Solving Wordle By Adding Machine Vision To A 3D Printer

Wordle bot

Truth be told, we haven’t jumped on the Wordle bandwagon yet, mainly because we don’t need to be provided with yet another diversion — we’re more than capable of finding our own rabbit holes to fall down, thank you very much. But the word puzzle does look intriguing, and since the rules and the interface are pretty simple, it’s no wonder we’ve seen a few efforts like this automated Wordle solver crop up lately.

The goal of Wordle is to find a specific five-letter, more-or-less-common English word in as few guesses as possible. Clues are given at each turn in the form of color-coding the letters to indicate whether they appear in the word and in what order. [iamflimflam1]’s approach was to attach a Raspberry Pi camera over the bed of a 3D printer and attach a phone stylus in place of the print head. A phone running Wordle is placed on the printer bed, and Open CV is used to find both the screen of the phone, as well as the position of the phone on the printer bed. From there, the robot uses the stylus to enter an opening word, analyzes the colors of the boxes, and narrows in on a solution.

The video below shows the bot in use, and source code is available if you want to try it yourself. If you need a deeper dive into Wordle solving algorithms, and indeed other variant puzzles in the *dle space, check out this recent article on reverse engineering the popular game.

Thanks to [Gene] for the tip.

19 thoughts on “Solving Wordle By Adding Machine Vision To A 3D Printer

  1. Certainly a nice approach for any Computer Vision project that requires an XYZ table. These have become so accessible it’s great, the best thing is that the printer parts don’t even need to work, making it even cheaper. As for the solving algorithm, it could use some work and optimize for entropy instead of repeating correct letters in the guess.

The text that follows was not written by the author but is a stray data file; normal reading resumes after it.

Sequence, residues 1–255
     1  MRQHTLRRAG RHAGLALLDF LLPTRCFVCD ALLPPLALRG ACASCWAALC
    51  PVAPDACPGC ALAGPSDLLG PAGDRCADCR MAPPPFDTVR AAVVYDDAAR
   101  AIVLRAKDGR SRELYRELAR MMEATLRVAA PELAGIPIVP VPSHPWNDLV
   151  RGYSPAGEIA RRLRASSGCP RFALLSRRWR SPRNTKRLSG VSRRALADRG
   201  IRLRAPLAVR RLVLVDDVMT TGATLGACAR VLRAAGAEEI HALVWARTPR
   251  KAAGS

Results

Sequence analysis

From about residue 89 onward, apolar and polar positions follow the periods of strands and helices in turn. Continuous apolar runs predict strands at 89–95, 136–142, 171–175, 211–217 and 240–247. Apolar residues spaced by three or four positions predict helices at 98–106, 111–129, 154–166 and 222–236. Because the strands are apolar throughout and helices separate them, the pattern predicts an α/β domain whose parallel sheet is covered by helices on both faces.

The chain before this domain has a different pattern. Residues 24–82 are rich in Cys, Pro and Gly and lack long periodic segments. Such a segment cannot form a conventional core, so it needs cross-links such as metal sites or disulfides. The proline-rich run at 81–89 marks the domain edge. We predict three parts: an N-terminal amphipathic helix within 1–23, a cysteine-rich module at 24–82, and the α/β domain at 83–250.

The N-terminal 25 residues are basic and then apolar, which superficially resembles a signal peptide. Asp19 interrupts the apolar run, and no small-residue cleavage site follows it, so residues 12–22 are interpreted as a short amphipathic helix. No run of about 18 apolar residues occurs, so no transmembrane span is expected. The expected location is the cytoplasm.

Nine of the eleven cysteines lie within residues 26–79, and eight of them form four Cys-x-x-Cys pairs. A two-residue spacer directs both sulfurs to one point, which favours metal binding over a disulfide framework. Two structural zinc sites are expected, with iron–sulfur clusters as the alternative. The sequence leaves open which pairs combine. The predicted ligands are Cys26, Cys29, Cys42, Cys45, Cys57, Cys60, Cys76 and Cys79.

1. I know it probably shouldn’t, but it never ceases to amaze me that some people seem fixated on the idea that once you’ve identified a correct letter in a correct position it _must_ be repeated in every subsequent play – that’s not in the rules. If you’re down to two guesses remaining and there are three or more possible words that fit, this strategy reduces it to a guessing game.

      Here’s an actual example: On the third play I reduced the word to _ATCH, which left me with BATCH, CATCH, HATCH, LATCH, MATCH and WATCH as possible answers, but only 3 plays left. If I follow the “common sense” method of sticking with known letters I have a 3 in 6 possibility of getting the correct word – a coin toss. But if I use the entropic approach I want to include or eliminate as many as possible of the letters B, C, H, L, M and W in the next play. C and H are difficult to eliminate because they would be doubled, but can be definitively eliminated if you use either of them as the first letter of the next play. L, M, B and W are good targets for quick elimination/identification.